The General Motors, HEI system for 1980 is a pulse-triggered, transistor-controlled, inductive discharge ignition system. It is a completely self-contained unit-all parts are contained within the distributor.
The distributor, in addition to housing the mechanical and vacuum advance mechanisms, contains the ignition coil, the electronic control module, and the magnetic triggering device. The magnetic pick-up assembly contains a permanent magnet, a pole piece with internal "teeth", and a pick-up coil (not to be confused with the ignition coil).
For 1981 and later vehicles, an HEI distributor with Electronic Spark Timing is used (for more information on EST, refer to ). The V6 engine uses a one piece distributor with the ignition coil mounted in the distributor cap, similar to 1980 vehicles. The L4 engine uses a smaller distributor with an externally mounted coil. The coil on the one piece distributor connects to the rotor through a resistance brush, while the external coil is connected by means of a high tension wire.
All spark timing changes in the 1981 and later distributors are done electronically by the Electronic Control Module (ECM) which monitors information from various engine sensors, computes the desired spark timing and then signals the distributor to change the timing accordingly. No vacuum or mechanical advance systems are used whatsoever.
In the HEI system, as in other electronic ignition systems, the breaker points have been replaced with an electronic switch-a transistor-which is located within the control module. This switching transistor performs the same function the points did in a conventional ignition system; it simply turns coil primary current on and off at the correct time. Essentially then, electronic and conventional ignition systems operate on the same principle.
The module which houses the switching transistor is controlled (turned on and off) by a magnetically generated impulse induced in the pick-up coil. When the teeth of the rotating timer align with the teeth of the pole piece, the induced voltage in the pick-up coil signals the electronic module to open the coil primary circuit. The primary current then decreases, and a high voltage is induced in the ignition coil secondary windings which is then directed through the rotor and high voltage leads (spark plug wires) to fire the spark plugs.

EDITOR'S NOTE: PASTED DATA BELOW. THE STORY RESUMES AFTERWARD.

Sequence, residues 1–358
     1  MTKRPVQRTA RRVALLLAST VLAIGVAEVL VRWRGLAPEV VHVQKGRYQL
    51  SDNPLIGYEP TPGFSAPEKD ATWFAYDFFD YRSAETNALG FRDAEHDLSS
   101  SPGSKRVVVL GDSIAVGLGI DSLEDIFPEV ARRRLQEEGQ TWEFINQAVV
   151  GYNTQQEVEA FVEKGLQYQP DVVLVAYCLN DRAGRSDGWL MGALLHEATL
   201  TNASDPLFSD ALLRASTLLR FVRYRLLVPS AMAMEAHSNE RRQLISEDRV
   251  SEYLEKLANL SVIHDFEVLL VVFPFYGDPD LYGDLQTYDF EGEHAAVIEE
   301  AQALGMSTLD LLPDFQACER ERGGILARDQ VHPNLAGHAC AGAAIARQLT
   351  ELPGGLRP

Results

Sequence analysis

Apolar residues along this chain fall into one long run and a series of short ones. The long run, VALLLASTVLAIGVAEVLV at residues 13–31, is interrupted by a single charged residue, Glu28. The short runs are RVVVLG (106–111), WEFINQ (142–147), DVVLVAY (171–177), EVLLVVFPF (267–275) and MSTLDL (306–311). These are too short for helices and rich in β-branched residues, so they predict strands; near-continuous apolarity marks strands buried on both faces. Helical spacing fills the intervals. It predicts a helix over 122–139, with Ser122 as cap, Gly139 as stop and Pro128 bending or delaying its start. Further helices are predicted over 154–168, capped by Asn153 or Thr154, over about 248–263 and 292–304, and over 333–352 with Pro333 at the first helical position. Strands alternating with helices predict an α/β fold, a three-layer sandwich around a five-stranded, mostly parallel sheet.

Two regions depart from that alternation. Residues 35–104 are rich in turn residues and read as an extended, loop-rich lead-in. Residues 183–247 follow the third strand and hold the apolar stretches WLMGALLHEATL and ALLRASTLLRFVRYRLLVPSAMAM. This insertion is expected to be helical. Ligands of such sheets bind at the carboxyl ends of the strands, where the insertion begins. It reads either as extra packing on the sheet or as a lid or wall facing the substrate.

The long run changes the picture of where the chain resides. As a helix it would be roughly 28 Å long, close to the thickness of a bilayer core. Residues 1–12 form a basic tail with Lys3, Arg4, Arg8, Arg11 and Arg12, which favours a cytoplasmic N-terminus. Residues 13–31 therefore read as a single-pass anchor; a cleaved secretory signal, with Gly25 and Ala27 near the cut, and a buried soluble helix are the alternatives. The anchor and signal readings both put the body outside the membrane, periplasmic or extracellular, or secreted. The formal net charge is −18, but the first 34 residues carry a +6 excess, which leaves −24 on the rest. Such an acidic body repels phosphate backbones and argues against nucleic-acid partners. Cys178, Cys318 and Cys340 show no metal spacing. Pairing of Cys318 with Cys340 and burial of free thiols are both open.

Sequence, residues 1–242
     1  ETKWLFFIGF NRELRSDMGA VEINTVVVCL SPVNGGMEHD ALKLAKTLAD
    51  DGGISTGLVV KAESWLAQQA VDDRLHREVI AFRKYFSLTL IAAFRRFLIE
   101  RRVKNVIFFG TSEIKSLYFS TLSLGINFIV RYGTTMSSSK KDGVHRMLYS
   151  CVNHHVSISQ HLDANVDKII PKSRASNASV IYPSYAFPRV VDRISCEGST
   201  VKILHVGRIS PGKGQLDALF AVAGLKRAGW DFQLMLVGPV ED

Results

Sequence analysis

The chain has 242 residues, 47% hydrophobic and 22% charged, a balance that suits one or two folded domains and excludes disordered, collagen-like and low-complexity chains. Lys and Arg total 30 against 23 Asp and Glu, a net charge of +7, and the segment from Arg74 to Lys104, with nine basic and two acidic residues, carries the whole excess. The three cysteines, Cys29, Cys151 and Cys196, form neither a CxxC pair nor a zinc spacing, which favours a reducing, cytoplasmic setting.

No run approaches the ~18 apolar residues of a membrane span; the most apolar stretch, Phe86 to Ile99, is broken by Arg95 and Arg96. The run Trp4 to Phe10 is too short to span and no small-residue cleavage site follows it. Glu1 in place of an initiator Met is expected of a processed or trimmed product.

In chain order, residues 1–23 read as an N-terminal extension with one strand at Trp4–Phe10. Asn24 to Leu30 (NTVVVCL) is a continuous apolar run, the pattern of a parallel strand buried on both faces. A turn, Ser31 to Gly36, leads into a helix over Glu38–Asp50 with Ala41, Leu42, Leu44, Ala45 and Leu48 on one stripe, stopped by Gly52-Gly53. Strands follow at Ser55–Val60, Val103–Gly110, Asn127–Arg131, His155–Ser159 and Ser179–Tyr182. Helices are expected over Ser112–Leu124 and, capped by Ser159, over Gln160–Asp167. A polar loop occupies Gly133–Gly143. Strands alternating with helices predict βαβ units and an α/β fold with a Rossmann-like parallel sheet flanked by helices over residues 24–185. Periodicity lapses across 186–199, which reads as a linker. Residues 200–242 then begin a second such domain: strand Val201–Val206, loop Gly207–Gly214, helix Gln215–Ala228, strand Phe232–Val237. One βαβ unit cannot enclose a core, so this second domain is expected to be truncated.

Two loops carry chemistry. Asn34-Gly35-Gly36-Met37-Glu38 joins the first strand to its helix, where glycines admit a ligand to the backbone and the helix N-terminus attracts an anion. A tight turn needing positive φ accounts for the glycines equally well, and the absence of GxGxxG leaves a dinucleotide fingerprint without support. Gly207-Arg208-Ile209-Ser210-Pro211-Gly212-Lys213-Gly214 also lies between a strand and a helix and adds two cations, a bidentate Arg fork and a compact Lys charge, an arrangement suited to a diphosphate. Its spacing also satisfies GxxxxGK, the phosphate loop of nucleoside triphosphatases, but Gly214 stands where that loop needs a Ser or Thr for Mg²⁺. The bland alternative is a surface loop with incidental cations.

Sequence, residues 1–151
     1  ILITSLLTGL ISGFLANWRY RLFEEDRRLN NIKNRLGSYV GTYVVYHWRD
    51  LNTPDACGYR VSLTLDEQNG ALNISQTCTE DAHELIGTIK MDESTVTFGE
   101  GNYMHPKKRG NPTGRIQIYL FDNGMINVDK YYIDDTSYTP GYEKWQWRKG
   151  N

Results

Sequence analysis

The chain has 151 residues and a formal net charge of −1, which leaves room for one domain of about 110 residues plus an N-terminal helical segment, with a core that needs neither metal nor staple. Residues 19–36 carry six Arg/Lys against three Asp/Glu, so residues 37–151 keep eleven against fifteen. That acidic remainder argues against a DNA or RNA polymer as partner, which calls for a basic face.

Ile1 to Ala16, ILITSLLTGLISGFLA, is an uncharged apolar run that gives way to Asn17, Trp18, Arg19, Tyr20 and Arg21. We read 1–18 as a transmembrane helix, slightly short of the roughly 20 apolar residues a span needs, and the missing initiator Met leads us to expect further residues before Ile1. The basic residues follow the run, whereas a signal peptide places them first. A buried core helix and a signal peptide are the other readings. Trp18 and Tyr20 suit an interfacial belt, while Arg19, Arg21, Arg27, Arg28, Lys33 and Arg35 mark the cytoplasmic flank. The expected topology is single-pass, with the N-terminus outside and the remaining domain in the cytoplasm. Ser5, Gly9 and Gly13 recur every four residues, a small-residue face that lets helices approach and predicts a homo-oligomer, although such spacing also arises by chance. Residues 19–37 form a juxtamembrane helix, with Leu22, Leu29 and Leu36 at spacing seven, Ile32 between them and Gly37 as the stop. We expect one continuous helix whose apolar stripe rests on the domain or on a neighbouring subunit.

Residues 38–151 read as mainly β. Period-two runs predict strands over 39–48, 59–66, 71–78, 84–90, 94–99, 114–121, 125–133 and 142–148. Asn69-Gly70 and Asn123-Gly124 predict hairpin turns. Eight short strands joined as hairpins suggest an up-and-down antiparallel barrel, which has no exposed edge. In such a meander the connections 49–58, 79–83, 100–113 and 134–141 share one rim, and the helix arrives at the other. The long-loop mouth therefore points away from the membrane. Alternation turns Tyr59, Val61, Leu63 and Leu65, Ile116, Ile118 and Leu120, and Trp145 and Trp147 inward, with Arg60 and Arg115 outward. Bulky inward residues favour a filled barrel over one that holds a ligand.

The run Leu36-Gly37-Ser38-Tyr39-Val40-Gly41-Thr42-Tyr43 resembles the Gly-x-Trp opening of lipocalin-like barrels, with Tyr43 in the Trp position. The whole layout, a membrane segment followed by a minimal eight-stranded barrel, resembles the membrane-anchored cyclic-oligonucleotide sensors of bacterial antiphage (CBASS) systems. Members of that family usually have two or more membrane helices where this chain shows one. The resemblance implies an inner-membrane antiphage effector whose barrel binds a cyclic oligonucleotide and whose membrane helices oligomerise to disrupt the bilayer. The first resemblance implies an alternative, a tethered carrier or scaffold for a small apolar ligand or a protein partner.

In essence then, the pick-up coil module system simply replaces the conventional breaker points and condenser. The condenser found within the distributor is for radio suppression purposes only and has nothing to do with the ignition process. The module automatically controls the dwell period, increasing it with increasing engine speed. Since dwell is automatically controlled, it cannot be adjusted. The module itself is non-adjustable and non-repairable and must be replaced if found defective.
Except for periodic checks of the spark plug wires, and an occasional check of the distributor cap for cracks (see Steps 1 and 2 under "Engine Runs, But Runs Rough or Cuts Out" for details), no maintenance is required on the HEI System. No periodic lubrication is necessary; engine oil lubricates the lower bushing, and an oil-filled reservoir lubricates the upper bushing.
HEI SYSTEM PRECAUTIONS
Before going on to troubleshooting, it might be a good idea to take note of the following precautions:Timing Light Use
Inductive pick-up timing lights are the best kind to use with HEI. Timing lights which connect between the spark plug and the spark plug wire occasionally (not always) give false readings.Spark Plug Wires
The plug wires used with HEI systems are of a different construction than conventional wires. When replacing them, make sure you get the correct wires, since conventional wires won't carry the voltage. Also, handle them carefully to avoid cracking or splitting them and never pierce them.Tachometer Use
Not all tachometers will operate or indicate correctly when used on a HEI system. While some tachometers may give a reading, this does not necessarily mean the reading is correct. In addition, some tachometers hook up differently from others. If you can't figure out whether or not your tachometer will work on your car, check with the tachometer manufacturer. Dwell readings, of course, have no significance at all.HEI System Testers
Instruments designed specifically for testing HEI systems are available from several tool manufacturers. Some of these will even test the module itself. However, the tests given in the following information will require only an ohmmeter and a voltmeter.